Tectonic plates of instability in the Asia-Pacific region shifted on the margins of the World Economic Forum (WEF) on East Asia in Manila last week, heralding the emergence of a new security alliance in response to the aggressive occupation by China of di
A war of words between China and the United States, as well as its allies in the region, including Japan, Vietnam and the Philippines, over increasing Chinese incursions into their territories dominated the backdrop of the forum, regarded by the Philippines as a showcase of its turnaround from being the “sick man of Asia” to becoming the “next Asian economic miracle”.
Unfortunately, security concerns over maritime disputes escalating into armed conflicts dampened the celebratory mood.
China’s decision to boycott the forum loomed, a menacing shadow overshadowing the conference theme, “Leveraging Growth for Equitable Progress”.
The theme was all but lost, as forum officials pointed out that “economies in East Asia face significant risks to their continued prosperity, in particular the challenge of inequality and threats to peace and stability in the region”.
The forum opened on an acrimonious note – the threat posed by recent incursions by well-armed China Coast Guard ships into disputed waters.
After talks, Vietnamese Prime Minister Nguyen Tan Dung and President Aquino, in a rare show of solidarity, issued a joint statement declaring that Vietnam and the Philippines would jointly oppose “illegal” Chinese actions in the South China Sea.
Dung called on the world to condemn China for causing what he called an “extremely dangerous” situation in the South China Sea by deploying an oil rig near the Paracel Islands, putting it in conflict with Vietnam and the Philippines, and providing the anchor for a Manila-Hanoi security alliance.
“The two sides are determined to oppose China’s violations and call on countries and the international community to continue strongly condemning China and demanding China to immediately end the violations,” Dung said.
The Philippines, a US treaty ally, has been more vocal in opposing China than Vietnam but Hanoi was incensed by the deployment of the oil rig, triggering anti-China rioting in Vietnam.
Vietnam appears to be shifting its approach by joining hands with Manila in aligning its legal move with the Philippines. Manila last year filed a case against the Chinese claims in the United Nations International Tribunal for the Law of the Sea in The Hague, the Netherlands.
Dung on Thursday said that Vietnam was considering legal action against China. Dung told AP that Vietnam would fiercely defend its territory but would never resort to military action “unless we are forced to take self-defence action”.
“Like all countries, Vietnam is considering various defence options, including legal actions in accordance with international law,” Dung said after talking with Philippine officials. He did not specify what legal action Hanoi was considering.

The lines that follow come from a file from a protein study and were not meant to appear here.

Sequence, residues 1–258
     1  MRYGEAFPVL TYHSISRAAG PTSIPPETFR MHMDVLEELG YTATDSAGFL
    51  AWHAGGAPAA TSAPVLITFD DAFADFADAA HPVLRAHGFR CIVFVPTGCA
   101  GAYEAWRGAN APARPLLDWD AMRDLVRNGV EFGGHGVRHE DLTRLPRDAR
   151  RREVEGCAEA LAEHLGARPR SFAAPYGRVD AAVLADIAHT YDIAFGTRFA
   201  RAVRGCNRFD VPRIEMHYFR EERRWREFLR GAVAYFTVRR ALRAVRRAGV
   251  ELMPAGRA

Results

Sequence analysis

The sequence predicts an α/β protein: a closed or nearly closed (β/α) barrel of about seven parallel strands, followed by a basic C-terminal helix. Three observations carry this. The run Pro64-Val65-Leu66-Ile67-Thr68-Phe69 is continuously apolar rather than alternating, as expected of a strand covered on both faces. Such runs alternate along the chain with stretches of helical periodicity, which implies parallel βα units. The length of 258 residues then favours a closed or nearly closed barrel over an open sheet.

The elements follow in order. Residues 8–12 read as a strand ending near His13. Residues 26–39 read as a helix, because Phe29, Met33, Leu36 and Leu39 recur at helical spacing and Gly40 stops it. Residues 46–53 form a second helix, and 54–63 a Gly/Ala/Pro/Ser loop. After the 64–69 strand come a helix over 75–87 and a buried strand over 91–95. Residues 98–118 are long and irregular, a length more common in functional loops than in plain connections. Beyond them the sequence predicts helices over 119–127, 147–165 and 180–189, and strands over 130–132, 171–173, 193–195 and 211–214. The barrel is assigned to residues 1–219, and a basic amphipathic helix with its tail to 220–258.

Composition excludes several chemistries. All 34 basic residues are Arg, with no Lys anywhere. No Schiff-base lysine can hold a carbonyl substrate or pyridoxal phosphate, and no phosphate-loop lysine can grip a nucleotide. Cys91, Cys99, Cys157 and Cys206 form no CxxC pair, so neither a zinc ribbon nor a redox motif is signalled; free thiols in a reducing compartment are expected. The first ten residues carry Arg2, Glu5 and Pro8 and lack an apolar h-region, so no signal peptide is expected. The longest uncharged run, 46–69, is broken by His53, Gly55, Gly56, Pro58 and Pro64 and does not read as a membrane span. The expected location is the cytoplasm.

When asked if Vietnam would risk going to war over disputed waters, Dung said: “Military solution? The answer is no. Vietnam has endured untold sufferings and losses from past invasive wars … We are never the first to use military means and would never unilaterally start a military confrontation unless we are forced to take self-defence action.”
Aquino did not mention the Philippines’ territorial disputes with China when he and Dung faced journalists, but said he and Dung discussed how their countries could enhance their defence and economic ties.
“In defence and security, we discussed how we can enhance confidence-building and our defence capabilities and interoperability in addressing security challenges,” Aquino said.
Against these statements, China maintained a belligerent stance. Reuters reported on Friday that China warned Japan to stay out of the growing dispute between it and its neighbours, apparently in an effort to blunt the formation of an expanded security alliance among Japan, Vietnam and the Philippines backed by the United States.
The warning came after Japanese Prime Minister Shinzo Abe expressed concern over regional tensions that he said were stoked by China’s “unilateral drilling”, referring to China’s parking of the giant rig near the Paracels, which are claimed by Vietnam. The Philippines joined the fray by blaming the slowdown in talks to end the disputes on China’s activities in the South China Sea.
The Philippines has been pushing for a “code of conduct” in the South China Sea that will prevent the territorial disputes from erupting into conflict.
But a Philippine Foreign Ministry official said that there had been “changes” on the ground since the talks began.
“There are a lot of build-ups, a lot of construction going on … we realise that people are already doing some kind of fencing,” the official said, referring to China’s land reclamation on Mabini Reef (Johnson South Reef) in the West Philippine Sea.
Last week, the Philippines released aerial surveillance pictures showing the transformation of the reef into an islet where the Chinese appeared to be building an airstrip.